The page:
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Disclosure Tone, Financial Performance and Earnings Management: Evidences from UK Conference Calls

Kayed, S. (2020) Disclosure Tone, Financial Performance and Earnings Management: Evidences from UK Conference Calls. PhD thesis, University of Reading

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Abstract/Summary

The key focus of this thesis is why firms engage in tone management in earnings conference calls. Specifically, the first objective in this thesis is to examine whether managerial tone can be used to signal a firm’s financial performance. The second objective is to examine when firms engage more in earnings management to meet or just beat the earnings benchmark; whether managers use their tone strategically to communicate with their stakeholders. This thesis reviews the theories and the current literature related to management communication in corporate reporting and disclosures, and has two interrelated studies looking at the tone management in the earnings conference calls of United Kingdom (UK) non-financial FTSE 350 companies for the period from 2010 to 2015. The first study examines the associations between tone management and two observations of firm’s financial performance independently (i.e., current and future performance). The second study in this thesis focuses on firms that meet or just beat an earnings benchmark (JMBE). It examines whether JMBE employ tone management in the earnings conference call to complement earnings management. It also examines whether the audience tone in JMBE fails to predict future performance than other firms. The results of the first study show that the managerial tone in the earnings conference call reflects the firm’s current and future performance. This suggests that managerial tone is informative source about financial performance. In other words, it is used to signal information about financial performance, which will accordingly reduce the information asymmetry between managers and stakeholders. In the further analysis in the first study, it is shown that audience tone in the earnings conference call is positively associated with future performance, suggesting that audience tone is in line with managerial tone in signalling information to help users to predict future earnings. The results of the second study show that JMBE and engage more in earnings management are more likely to disclose abnormal tone during the earnings conference call in order to conceal the earnings management techniques that have been used to just beat or meet the earnings benchmark. This evidence suggests that earnings and tone management in JMBE are complementary strategies used for impression management purposes. The results also show that audience tone in JMBE is less likely to predict future performance. This supports the argument that the audience perception in such firms is successfully obfuscated by managers’ tone.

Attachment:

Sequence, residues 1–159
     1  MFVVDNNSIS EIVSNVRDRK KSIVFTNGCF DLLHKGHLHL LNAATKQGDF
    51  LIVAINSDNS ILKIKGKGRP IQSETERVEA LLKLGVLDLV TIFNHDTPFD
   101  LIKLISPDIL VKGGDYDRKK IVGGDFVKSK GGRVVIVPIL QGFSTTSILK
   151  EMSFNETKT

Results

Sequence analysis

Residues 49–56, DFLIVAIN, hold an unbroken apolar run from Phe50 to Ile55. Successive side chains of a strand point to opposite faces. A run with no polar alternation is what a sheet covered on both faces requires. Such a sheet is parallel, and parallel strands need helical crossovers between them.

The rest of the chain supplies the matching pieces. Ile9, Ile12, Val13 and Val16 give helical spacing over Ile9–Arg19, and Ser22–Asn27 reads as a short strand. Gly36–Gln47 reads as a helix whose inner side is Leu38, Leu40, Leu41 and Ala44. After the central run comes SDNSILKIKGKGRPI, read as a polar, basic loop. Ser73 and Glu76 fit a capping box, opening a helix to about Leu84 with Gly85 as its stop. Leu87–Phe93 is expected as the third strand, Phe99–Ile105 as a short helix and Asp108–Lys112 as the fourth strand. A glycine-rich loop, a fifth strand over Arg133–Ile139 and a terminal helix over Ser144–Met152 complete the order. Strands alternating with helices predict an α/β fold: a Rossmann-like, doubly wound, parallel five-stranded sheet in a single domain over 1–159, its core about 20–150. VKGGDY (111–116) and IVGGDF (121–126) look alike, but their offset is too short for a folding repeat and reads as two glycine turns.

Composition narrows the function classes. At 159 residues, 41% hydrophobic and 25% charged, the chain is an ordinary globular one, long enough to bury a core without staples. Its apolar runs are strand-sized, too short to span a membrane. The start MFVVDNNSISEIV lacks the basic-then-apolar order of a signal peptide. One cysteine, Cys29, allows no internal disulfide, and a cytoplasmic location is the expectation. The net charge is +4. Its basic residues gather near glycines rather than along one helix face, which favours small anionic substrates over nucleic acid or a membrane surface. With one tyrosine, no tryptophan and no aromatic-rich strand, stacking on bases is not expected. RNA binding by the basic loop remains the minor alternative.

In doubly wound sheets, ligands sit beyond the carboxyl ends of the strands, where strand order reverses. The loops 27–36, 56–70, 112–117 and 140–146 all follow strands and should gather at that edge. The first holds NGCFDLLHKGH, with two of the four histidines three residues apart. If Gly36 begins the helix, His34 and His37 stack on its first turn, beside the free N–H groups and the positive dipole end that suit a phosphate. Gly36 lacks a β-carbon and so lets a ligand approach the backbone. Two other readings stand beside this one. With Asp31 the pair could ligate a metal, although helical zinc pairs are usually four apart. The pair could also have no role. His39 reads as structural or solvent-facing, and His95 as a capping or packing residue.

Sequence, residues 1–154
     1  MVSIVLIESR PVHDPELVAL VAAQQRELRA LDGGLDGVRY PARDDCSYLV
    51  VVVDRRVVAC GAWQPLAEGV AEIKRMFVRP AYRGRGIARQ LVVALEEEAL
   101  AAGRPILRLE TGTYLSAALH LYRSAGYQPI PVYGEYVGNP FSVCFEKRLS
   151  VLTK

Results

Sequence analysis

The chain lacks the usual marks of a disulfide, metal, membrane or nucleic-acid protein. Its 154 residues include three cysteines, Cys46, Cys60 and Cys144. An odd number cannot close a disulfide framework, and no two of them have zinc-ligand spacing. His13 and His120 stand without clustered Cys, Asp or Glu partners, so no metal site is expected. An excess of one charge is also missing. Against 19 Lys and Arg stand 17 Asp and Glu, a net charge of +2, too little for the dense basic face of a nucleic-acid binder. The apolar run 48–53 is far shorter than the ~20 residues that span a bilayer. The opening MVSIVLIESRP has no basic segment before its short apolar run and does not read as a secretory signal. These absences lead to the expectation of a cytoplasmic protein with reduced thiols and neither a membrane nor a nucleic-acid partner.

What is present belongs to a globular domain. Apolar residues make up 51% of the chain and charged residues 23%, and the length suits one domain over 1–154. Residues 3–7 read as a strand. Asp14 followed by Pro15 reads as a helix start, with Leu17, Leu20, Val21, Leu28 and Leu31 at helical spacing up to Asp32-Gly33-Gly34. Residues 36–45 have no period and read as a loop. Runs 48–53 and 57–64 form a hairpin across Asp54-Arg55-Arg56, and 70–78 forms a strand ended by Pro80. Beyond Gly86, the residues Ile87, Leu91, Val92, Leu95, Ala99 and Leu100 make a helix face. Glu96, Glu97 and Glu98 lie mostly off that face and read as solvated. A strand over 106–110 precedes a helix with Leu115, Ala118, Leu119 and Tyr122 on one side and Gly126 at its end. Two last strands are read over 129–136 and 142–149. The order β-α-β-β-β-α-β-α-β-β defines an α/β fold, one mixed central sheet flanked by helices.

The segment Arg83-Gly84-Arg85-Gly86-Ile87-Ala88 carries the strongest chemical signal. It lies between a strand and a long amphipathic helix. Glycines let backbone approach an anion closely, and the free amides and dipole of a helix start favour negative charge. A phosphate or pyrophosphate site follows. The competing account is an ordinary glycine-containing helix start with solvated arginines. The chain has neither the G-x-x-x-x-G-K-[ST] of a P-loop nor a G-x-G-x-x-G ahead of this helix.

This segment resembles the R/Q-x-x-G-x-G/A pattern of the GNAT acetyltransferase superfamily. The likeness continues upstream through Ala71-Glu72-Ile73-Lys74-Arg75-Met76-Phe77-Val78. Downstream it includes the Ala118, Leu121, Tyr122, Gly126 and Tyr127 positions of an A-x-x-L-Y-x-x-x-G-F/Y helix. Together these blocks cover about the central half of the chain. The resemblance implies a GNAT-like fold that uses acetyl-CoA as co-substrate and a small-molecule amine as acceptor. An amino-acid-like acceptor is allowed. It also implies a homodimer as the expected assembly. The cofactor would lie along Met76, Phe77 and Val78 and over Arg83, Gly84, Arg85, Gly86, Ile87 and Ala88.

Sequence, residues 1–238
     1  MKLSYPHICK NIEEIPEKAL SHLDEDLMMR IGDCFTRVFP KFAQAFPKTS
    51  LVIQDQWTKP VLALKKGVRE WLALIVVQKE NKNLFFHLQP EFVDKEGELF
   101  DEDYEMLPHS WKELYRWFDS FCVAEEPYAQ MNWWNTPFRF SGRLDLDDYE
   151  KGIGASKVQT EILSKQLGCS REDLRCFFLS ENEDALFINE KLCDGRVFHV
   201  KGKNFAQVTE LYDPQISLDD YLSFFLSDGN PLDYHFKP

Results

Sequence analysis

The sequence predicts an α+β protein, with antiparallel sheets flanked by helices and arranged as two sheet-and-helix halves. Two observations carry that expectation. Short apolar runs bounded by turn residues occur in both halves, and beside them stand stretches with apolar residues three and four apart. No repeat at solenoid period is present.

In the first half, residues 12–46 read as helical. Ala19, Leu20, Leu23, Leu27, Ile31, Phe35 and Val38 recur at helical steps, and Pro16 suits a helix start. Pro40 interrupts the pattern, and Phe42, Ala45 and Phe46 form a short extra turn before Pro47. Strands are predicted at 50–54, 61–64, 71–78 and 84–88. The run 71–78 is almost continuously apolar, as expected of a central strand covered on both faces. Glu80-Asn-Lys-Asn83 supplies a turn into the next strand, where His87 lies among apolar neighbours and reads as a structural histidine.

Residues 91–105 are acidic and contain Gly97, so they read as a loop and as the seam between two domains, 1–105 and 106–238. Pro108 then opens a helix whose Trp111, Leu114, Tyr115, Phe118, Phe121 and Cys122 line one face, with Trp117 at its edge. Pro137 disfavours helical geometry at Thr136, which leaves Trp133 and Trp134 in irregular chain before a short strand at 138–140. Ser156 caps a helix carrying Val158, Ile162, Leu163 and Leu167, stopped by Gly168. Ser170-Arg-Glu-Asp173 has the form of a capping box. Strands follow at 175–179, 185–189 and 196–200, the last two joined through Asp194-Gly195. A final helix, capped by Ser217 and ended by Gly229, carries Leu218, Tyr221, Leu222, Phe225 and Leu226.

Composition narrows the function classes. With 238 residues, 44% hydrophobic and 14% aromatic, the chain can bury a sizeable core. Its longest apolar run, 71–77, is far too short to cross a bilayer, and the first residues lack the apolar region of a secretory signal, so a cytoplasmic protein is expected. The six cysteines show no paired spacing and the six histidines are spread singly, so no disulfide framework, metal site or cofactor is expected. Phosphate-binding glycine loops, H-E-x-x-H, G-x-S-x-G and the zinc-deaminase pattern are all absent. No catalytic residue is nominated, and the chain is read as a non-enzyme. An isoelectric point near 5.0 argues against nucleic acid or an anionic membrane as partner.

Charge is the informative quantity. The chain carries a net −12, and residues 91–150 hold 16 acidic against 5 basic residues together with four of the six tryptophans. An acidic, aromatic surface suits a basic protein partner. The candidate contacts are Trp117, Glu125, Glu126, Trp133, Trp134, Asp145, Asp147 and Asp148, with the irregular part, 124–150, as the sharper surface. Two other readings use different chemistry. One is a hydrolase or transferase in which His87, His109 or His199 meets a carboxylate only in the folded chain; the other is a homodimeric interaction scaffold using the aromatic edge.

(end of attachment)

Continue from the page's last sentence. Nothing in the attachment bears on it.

Item Type:Thesis (PhD)
Thesis Supervisor:Yang, J. and Zhou, D.
Thesis/Report Department:Henley Business School
Identification Number/DOI:
Divisions:Henley Business School > Business Informatics, Systems and Accounting
ID Code:94953

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